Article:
Stack Overflow is a community of 4.7 million programmers, just like you, helping each other.

Join them; it only takes a minute:

Sign up
Join the Stack Overflow community to:
  1. Ask programming questions
  2. Answer and help your peers
  3. Get recognized for your expertise

I have a variable string in my JavaScript code containing a comma delimited list of words and or phrases, for example:

String 1 : “abc, def hij, klm”

String 2 : “abc, def”

I want to insert the word ‘and’ after the last comma in the string to get

String 1 : “abc, def hij, and klm”

String 2 : “abc, and def”

I put together the following code:

// replace the last comma in the list with  ", and"  
var regEx1 = new RegExp(",(?=[A-z ]*$)" )      
var commaDelimList = commaDelimList.replace(regEx1, ", and ");

The problem is that it does not work if the comma delimited string has only two items separated by one comma.

So the results of the above example are

String 1 : ”abc, def hij, and klm”

String 2 : “abc, def”

Why is the RegExp not working and what can I use to get the result I want?

share|improve this question
Works for me: – Sean Bright Oct 10 '11 at 13:09
I can't reproduce this. Is this really exactly what you're doing, or have you simplified something along the way? Also, don't use [A-z], it matches more than you think. (?i)[A-Z] or [A-Za-z] is better if you want to match an ASCII letter. – Tim Pietzcker Oct 10 '11 at 13:11
@Tim - Where can I lookup the diff between [A-z] and [A-Za-z]? And yes, it was an oversimplification. I have upvoted your comment. – Lill Lansey Oct 10 '11 at 13:21
Oh, that's easy. Look at any ASCII table. You'll see that between Z and a, there are the characters [\]^_ and also the backtick: ` – Tim Pietzcker Oct 10 '11 at 13:23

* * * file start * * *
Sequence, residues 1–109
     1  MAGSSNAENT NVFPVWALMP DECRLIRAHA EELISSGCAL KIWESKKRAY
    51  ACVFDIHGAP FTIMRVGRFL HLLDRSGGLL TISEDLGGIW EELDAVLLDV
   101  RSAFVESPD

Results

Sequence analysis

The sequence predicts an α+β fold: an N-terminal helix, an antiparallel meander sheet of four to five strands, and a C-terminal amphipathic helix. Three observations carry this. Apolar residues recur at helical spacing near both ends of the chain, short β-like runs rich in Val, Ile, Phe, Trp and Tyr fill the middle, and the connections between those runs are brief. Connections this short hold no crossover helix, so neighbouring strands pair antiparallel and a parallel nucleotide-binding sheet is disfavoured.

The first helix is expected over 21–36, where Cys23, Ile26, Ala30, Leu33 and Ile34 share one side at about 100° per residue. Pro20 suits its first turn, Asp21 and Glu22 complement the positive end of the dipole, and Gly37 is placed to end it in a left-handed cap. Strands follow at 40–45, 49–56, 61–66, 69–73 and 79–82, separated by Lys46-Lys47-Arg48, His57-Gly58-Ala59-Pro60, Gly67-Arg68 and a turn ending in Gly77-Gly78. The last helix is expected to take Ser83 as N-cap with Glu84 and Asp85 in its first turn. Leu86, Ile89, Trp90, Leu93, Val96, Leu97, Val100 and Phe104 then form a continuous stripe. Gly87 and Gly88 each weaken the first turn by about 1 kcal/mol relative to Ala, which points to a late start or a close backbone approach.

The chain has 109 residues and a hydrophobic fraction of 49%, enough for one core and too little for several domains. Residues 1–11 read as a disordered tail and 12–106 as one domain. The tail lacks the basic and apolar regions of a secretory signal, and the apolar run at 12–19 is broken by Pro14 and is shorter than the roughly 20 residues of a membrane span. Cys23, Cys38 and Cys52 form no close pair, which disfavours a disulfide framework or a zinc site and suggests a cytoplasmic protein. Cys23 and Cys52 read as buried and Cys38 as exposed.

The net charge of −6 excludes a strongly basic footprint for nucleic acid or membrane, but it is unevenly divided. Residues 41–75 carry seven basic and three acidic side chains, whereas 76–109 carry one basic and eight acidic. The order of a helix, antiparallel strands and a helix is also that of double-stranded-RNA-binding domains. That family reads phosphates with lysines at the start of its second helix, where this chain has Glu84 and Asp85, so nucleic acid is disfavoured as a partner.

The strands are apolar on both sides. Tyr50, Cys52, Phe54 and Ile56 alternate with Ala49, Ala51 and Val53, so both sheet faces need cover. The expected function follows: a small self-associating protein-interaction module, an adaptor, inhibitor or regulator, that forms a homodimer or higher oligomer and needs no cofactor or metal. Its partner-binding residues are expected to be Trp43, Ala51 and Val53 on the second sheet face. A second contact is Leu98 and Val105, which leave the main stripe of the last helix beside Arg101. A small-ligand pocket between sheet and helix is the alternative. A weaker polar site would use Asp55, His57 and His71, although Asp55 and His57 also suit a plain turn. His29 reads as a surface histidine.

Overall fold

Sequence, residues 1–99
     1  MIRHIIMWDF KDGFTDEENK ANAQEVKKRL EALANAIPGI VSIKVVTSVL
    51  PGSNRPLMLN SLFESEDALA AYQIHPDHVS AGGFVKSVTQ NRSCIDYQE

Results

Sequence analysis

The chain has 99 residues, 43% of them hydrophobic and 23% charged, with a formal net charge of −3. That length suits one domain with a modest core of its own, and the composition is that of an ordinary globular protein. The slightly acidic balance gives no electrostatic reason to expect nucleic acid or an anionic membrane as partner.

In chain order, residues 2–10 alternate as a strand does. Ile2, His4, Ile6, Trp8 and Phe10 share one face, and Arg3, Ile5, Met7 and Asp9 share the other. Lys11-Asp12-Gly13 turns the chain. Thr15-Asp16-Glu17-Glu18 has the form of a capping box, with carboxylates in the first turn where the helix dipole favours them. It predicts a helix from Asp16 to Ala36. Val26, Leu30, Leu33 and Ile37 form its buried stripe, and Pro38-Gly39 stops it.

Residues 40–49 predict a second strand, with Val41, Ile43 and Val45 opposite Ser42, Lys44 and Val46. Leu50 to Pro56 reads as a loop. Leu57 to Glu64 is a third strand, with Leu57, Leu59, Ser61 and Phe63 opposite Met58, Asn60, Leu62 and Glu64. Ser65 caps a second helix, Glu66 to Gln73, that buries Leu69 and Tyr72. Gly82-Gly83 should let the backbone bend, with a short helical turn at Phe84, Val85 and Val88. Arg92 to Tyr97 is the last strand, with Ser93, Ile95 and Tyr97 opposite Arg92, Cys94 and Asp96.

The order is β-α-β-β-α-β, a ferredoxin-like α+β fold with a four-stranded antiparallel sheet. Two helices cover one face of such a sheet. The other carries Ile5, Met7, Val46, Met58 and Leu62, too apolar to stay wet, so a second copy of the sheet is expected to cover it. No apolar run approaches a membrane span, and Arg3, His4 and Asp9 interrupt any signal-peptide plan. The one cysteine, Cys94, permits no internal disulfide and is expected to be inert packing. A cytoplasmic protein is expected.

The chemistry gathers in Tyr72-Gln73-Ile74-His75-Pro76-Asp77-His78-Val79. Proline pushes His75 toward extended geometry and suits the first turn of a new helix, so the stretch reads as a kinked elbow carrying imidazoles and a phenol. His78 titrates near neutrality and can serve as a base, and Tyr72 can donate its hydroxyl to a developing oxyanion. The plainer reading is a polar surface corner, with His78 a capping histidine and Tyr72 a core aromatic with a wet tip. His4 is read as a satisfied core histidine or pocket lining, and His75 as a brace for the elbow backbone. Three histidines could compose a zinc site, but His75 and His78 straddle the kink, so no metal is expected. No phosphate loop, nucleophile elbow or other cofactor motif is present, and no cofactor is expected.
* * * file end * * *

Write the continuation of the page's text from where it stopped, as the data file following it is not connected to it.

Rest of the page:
Ditto what Tim said (your code above works fine). But instead of: [A-z ]*, I would use: [^,]* "Zero or more non-commas." – ridgerunner Oct 10 '11 at 15:37
up vote 1 down vote accepted

Not sure a regex was the right way to go there...

Why not use LastIndexOf and replace that with your string?

share|improve this answer

Since this is a relatively straight forward task, a little string manipulation may be beneficial - you'll realize better performance too.

var str = 'abc, def, hij, klm',
    index = str.lastIndexOf(','),
    JOINER = ', and';

//'abc, def, hij, and klm'
str.slice(0, index) + JOINER + str.slice(index+1);
share|improve this answer
Am I taking a performance hit using RegEx? – Lill Lansey Oct 10 '11 at 13:47
Only slightly. Someone once tried to convince me it was terrible to use regex for such small tasks... but I still do! – John Strickler Oct 10 '11 at 14:50

Haven't tried you one but this works

'abc, def'.replace( /,(?=[A-z ]*$)/, ", and" )
share|improve this answer

Your Answer


By posting your answer, you agree to the privacy policy and terms of service.

Not the answer you're looking for? Browse other questions tagged or ask your own question.